EdgemanVA [OP] Well-Known Member

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    Did it at the Toyota dealer, since they give free state inspections "for life." On the down side, they're checking everything possible in order to sell goods and services. They wanted $171 for a new battery.
     
  15. Mar 20, 2020 at 11:28 AM
    #15
    DaveInDenver

    DaveInDenver Not Actually in Denver

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    There's several ways a battery can fail and some are abrupt (like plates shorting) but mostly they slowly age until something makes you finally notice it won't start your engine anymore. It's usually when cold weather hits in the fall that you notice it's too weak.

    What these charts are showing are couple of ways to look at it using reserve capacity and CCA or capacity vs years but there's other ways to measure it.

    Reserve-Capacity-web-2.jpg

    lead-acid-capacity-loss.jpg

    Since we're coming into summer I don't think replacement is critically urgent. But you know it's lost capacity so I'd personally put it on the budget plan this spring or summer. But who knows, it make another year. I like the idea of getting a jump box and testing, but I'm a nerdy engineer so I like data and experimenting.
     
  16. Mar 20, 2020 at 12:29 PM
    #16
    rphillips

    rphillips Well-Known Member

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    City living may be different, I live in a rural, farm, community. Friends & neighbors all have jumper cables or jump boxes, I've just never thought about replacing a batt., while it was working perfectly. Wally-world does my oil changes every 5K mi. & checks all the usual stuff. They quit rotating my tires, on my "98" Dodge Ram, over a yr. ago cause tread depth was too low, & past 3 oil change tickets had "Replace Batt." written on them. I guess I'll replace it when it quits working. Also, I've had my current 2013 Taco, Reg. cab, 2.7, 4X4, auto for 2 yrs. now. It's always cranked slow, like the batt. was a little weak, but it's never failed. Do the starters, on the 2.7 eng's., just not whip the eng. over as fast as others, or may I have a batt. or starter getting weak?
     
  17. Mar 20, 2020 at 3:55 PM
    #17
    winkel

    winkel Well-Known Member

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    I'd replace it this week. Seriously. When mine finally died, I was in a Wal Mart parking lot. I bought a new one and had it swapped out in about 20 minutes.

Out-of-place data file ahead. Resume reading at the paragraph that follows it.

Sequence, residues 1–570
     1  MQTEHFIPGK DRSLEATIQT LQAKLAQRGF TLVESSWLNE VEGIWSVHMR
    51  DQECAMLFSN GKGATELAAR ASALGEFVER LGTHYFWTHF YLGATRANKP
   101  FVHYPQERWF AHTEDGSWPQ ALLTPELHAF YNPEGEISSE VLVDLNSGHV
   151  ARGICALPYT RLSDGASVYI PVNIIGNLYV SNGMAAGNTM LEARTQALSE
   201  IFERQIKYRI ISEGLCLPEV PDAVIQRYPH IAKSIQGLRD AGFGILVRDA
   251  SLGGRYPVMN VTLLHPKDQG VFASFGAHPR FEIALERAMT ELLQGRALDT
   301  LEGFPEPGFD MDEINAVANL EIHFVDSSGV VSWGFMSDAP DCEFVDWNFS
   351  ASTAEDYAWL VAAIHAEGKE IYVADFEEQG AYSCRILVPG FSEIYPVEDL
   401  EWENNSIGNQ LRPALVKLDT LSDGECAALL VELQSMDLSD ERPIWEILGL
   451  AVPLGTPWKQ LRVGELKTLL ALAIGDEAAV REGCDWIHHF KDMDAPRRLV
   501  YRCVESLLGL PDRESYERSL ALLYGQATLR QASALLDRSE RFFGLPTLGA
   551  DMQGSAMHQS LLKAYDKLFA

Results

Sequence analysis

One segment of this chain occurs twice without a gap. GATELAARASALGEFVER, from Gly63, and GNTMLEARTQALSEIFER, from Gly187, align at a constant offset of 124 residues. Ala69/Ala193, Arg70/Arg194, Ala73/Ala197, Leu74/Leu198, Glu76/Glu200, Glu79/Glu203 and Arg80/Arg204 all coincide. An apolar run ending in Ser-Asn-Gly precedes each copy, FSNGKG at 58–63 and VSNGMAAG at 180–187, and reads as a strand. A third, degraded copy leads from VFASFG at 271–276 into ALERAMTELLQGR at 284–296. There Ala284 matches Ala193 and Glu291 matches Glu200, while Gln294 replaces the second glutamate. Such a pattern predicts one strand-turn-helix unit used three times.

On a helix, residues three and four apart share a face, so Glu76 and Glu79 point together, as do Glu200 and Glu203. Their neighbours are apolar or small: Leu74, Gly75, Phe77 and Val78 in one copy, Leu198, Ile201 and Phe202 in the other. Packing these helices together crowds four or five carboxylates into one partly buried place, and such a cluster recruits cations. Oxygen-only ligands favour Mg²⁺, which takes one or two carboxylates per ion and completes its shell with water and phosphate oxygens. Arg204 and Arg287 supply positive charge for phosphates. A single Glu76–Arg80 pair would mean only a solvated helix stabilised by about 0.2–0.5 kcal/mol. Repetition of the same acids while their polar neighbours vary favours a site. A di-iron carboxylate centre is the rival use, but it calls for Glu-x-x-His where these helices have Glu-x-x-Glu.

Luckily, we weren't way out in the country somewhere. My wife likes to find and explore old grave yards and we do a lot of back roading.
    The next day, I put a decent tool kit in my truck too.
     
  18. Mar 20, 2020 at 4:10 PM
    #18
    Tacorific

    Tacorific Well-Known Member

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    If your new truck and original battery spent much time on the dealership lot I'd replace it. The "drain until dead and then charge with a 50(+) amp power jump starter" that the dealerships do, are very hard on batteries. We bought my wife's '11 Chevy Equinox off the truck and I replaced the battery at 9 years just to be safe. This is in north west Il. for 6 years and 3 in north east IA.
     
  19. Mar 20, 2020 at 4:28 PM
    #19
    Tcomaboy

    Tcomaboy Well-Known Member

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    Man, you guys are lucky to get 5 years. Most I ever got was 3 years life from any battery for my Tacoma. I’m on my 4th one right now
     
    six5creed likes this.
  20. Mar 20, 2020 at 4:44 PM
    #20
    Marshall R

    Marshall R Well-Known Member

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    I've seen batteries last 10 years, and others 10 months. It can be hard to predict. In the past I've replaced mine when the truck seems to take longer to start or maybe even need to be jumped off once. In addition to my Tacoma I have a 2014 F150. I had planned to replace it in February even though it wasn't showing any signs of going bad.

    But on Jan. 5 I was in South Carolina, right at dark, 8 hours from home 5 miles down a dirt road when my truck wouldn't start. NOTHING. Wouldn't even turn over with jumper cables from a friends truck. I stayed with the truck and started removing the old battery while my wife rode with our friends and found the only parts store still open on a Sunday night. By the time I got a new battery installed it was too late to try to drive home as originally planned. I not only paid $30-$40 more for a battery it cost me an extra night in a hotel room.

    This one completely died with no warning signs. I had the right idea, but should have done it a month sooner, before the trip to South Carolina.